Heads of the banks of Lithuania and Finland to discuss measures for prevention of real estate bubbles
The development of real estate (RE) prices in the Nordic and Baltic countries is uneven, while possible disbalances in one country may have an impact on the financial systems of the other closely interrelated countries in the region. It is planned to discuss this and other relevant issues of financial stability and banking in Helsinki on 25 January at a meeting between the heads of the central banks of Lithuania and Finland.
‘Rapid growth in real estate prices in Sweden and Norway raise concerns for the other countries in the region. Lithuania, having learnt its lesson from the crisis, is one of the first in the region to have implemented measures to limit possibilities for price bubbles to form. We are prepared to share this experience with our neighbours,’ says Vitas Vasiliauskas, Chairman of the Board of the Bank of Lithuania.
As opposed to the other Nordic and Baltic countries, the financial crisis in essence did not slow down the rise in housing prices in Sweden and Norway — here housing prices continued to rise significantly more rapidly than the income of residents. At the same time, the indebtedness of the residents of the Nordic countries also increased, while the major Scandinavian banks continued to increase their loan portfolios. The financial systems of the Nordic and Baltic countries are very closely interrelated; therefore disbalances in some of the Scandinavian countries could also have an impact on the financial system of other countries, including Lithuania.
During the meeting in Finland, opportunities to minimise rising disbalances, by applying the most appropriate measures in the RE markets of the countries in the region, will be discussed. Already in 2011, the Bank of Lithuania began to apply, and updated last year, the Responsible Lending Regulations, preventing irresponsible lending. At the same time, possibilities for price bubbles to grow are being limited, such as those prior to the crisis, when a fair number of real estate transactions were financed via irresponsible lending and borrowing.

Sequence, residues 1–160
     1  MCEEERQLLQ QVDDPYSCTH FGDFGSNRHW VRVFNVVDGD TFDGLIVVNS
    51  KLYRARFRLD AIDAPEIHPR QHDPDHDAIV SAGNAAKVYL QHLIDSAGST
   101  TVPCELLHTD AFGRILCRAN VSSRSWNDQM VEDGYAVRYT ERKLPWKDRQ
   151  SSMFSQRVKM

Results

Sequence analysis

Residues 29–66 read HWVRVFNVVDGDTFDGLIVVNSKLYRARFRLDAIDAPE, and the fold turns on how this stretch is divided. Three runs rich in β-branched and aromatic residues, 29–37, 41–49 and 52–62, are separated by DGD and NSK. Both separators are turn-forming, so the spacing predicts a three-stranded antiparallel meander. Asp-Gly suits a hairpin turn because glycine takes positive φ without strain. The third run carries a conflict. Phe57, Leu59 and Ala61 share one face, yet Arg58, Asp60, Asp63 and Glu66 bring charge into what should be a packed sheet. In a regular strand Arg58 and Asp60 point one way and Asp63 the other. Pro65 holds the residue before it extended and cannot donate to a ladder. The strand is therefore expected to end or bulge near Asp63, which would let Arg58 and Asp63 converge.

In Finland, which, like Lithuania, is a member of the euro area, experience in participation in the Eurosystem will also be shared; it is planned to discuss the goals of increasing the efficiency of the activities of the national central banks, accountability to the public and transparency. The Bank of Lithuania has implemented one of the largest reorganisations out of all of the EU country central banks and, by constantly improving organisation of its activities, aims to be among the top three most efficient central banks in the Nordic and Baltic region. The Bank of Finland (Suomen Pankki), as is the public sector of this country, is one of the examples of innovative management — for the past decade it has considered efficiency of activities as one of its key principles in organising activities and accountability to the public and has been implementing appropriate management practices.
Vitas Vasiliauskas, Chairman of the Board of the Bank of Lithuania, together with Ingrida Šimonytė, Deputy Chair of the Board of the Bank of Lithuania, and Board Members Marius Jurgilas and Tomas Garbaravičius will participate in the meeting with Erkki Liikanen, Chairman of the Board of Suomen Pankki and the Members of the Board.